Traces N.11, December 2019

Getting to the bottom of paternity

In recent issues of Traces we took up a critical theme from the CL Beginning Day, the meeting at the beginning of the social and academic year that marks out the movement’s educational proposal and lays a path for the year’s work. The articles described the context that surrounds us–a “passive nihilism” that envelops our society and our lives, sapping our energy, enjoyment, and desires– and pointed to the one thing that can rescue us from that nothingness: witnesses. Witnesses are people who reveal a different way of living, who transmit such a fascinating proposal of meaning in life that they become authorities. Or rather, fathers and mothers, because they generate others and help them grow.

This is such a crucial topic that we have decided to return to it.
We hope to get to the bottom of this “authority,” a word that has nothing to do with power, as Fr. Giussani emphasized in the talk transcribed in the pages of the Beginning Day, but is rather “a synonym for paternity.” These are its unmistakable traits: “It is the place where new life is clearer and more transparent;” it “makes itself visible in the experience of greater freedom;” and, precisely because of this, it is also a “place of comfort, where you see that Christ conquers,” a place, that is, that makes it possible for us to stop feeling caged in by our struggles, sufferings, and circumstances. There, the “I” can breathe and always be joyful. It is what we all seek. Who would not want to discover an experience of greater freedom and joy? Who does not want a life that is more useful, fuller, and capable of “opening new pathways” in a world that seems impermeable to faith, but that actually offers Christians a great opportunity?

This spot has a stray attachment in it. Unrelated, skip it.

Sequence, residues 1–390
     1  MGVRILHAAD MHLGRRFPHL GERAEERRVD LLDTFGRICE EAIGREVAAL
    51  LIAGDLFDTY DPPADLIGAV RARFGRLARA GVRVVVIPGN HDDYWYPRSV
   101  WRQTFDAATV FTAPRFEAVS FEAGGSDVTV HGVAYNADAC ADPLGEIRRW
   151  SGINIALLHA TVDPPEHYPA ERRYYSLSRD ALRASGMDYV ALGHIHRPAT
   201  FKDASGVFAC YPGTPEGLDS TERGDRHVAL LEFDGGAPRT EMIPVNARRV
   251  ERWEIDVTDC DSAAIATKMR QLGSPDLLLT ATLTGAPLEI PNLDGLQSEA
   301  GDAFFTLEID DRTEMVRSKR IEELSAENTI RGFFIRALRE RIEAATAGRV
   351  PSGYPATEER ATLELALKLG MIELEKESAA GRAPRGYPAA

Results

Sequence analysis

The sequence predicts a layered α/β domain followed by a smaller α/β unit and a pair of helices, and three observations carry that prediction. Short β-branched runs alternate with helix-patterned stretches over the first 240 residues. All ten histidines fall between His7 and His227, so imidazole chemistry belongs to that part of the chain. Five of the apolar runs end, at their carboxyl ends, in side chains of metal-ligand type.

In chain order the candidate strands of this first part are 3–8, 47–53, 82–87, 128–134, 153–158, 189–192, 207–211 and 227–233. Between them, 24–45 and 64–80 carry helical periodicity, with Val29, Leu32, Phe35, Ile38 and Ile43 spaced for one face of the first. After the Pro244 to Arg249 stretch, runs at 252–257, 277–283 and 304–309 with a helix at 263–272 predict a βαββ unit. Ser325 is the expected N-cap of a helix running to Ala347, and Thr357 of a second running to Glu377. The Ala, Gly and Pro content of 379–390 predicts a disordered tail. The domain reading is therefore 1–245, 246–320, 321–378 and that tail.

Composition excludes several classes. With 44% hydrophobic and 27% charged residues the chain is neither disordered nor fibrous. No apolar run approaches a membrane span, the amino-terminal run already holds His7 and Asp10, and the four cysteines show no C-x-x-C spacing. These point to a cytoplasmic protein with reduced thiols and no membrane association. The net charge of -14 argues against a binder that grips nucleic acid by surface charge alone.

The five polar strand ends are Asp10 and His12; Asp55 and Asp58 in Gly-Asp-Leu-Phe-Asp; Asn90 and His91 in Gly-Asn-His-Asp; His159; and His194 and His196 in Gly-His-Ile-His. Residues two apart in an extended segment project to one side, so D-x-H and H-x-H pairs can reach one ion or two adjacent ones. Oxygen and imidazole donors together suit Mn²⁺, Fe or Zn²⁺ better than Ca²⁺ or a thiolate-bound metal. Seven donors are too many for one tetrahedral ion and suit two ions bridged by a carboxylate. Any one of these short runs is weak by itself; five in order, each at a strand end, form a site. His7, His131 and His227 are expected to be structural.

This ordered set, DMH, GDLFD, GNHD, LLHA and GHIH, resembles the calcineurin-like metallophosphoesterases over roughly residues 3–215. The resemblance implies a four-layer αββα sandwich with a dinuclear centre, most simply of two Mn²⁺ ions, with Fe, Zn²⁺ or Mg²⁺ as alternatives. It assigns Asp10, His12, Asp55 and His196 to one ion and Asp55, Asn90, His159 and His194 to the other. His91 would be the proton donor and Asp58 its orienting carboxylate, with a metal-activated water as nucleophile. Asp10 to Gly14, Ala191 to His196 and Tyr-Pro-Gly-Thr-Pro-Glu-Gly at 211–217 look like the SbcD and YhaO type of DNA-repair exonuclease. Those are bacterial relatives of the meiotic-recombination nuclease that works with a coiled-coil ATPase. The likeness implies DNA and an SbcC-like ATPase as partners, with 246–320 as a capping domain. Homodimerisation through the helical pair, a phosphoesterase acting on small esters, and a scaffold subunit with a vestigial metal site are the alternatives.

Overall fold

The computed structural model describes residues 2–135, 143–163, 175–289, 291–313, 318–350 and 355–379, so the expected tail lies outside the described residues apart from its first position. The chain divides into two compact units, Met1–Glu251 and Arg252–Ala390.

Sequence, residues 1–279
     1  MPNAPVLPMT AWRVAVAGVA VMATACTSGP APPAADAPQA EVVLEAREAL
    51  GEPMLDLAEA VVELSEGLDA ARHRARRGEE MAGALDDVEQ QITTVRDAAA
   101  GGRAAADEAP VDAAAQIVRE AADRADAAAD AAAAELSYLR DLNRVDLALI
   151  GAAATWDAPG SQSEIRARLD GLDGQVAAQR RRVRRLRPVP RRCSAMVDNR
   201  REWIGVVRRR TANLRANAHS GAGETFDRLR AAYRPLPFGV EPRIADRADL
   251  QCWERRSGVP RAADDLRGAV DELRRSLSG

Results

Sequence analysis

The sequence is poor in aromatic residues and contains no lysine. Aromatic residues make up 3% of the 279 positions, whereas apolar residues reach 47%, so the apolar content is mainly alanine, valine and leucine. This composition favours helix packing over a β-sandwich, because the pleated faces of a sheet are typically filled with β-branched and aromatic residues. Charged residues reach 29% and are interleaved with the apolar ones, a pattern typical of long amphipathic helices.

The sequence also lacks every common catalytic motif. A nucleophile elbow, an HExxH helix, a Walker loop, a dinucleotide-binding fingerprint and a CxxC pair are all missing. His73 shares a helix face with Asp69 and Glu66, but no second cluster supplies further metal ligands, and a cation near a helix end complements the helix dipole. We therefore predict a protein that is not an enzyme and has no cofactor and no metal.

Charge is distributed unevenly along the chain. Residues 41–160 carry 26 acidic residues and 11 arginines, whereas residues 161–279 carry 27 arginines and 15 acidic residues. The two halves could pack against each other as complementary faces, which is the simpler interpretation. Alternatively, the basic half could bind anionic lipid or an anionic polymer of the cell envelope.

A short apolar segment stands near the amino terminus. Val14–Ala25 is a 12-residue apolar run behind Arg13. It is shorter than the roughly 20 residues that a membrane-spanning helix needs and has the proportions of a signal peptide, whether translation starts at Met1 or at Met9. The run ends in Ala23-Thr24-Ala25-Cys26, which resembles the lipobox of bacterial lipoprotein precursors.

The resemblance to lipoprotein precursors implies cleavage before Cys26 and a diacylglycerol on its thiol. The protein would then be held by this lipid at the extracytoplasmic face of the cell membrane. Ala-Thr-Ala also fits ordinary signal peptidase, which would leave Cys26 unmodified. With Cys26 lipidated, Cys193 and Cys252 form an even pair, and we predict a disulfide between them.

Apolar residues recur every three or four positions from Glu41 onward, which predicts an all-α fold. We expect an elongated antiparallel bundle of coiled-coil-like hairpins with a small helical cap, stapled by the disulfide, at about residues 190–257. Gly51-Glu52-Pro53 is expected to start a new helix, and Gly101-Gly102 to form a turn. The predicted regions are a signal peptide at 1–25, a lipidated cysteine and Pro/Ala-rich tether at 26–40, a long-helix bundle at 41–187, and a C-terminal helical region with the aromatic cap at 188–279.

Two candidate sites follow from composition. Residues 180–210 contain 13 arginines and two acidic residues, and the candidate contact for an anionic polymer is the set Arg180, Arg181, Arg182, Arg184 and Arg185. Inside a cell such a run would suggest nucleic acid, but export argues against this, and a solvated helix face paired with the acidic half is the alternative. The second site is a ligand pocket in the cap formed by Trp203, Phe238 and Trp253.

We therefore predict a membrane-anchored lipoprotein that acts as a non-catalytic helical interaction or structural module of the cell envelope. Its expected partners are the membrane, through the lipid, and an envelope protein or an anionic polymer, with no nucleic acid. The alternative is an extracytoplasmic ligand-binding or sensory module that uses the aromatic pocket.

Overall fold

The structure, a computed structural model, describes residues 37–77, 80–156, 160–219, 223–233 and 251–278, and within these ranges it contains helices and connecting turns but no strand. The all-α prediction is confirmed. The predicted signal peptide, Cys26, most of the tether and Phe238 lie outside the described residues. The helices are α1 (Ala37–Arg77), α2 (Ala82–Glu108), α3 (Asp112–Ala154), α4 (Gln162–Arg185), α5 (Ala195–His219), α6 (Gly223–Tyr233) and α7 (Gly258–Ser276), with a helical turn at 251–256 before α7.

This month’s “Close -up” is a journey toward discovering that kind of paternity. In focusing, as always, on stories in addition to reflections that help us to go deeper, once again the only valid criterion is experience. We describe a “paternal authority” that, because it is not confined to a role (not even the traditional ones: parents, teachers, priests, other leaders...) happens as it will. You have to look for it in action. “The old woman who puts the coins in the treasury of the temple can be an authority, even more than the head of the Pharisees,” Fr. Giussani reminded us. This is an authority that does not impose itself through mechanisms of power, but simply asks us to recognize it.

In the end, this was the experience of the shepherds depicted in Caravaggio’s Adoration of the Shepherds, which CL has chosen to depict in the Christmas poster. They looked upon the least powerful person in the world, literally the last to arrive: a newborn baby in a manger. Yet, in the simplicity of their hearts, they could intuit how that Son made visible the Father, the mystery who was generating them in that very instant, and who is generating us right now. Merry Christmas.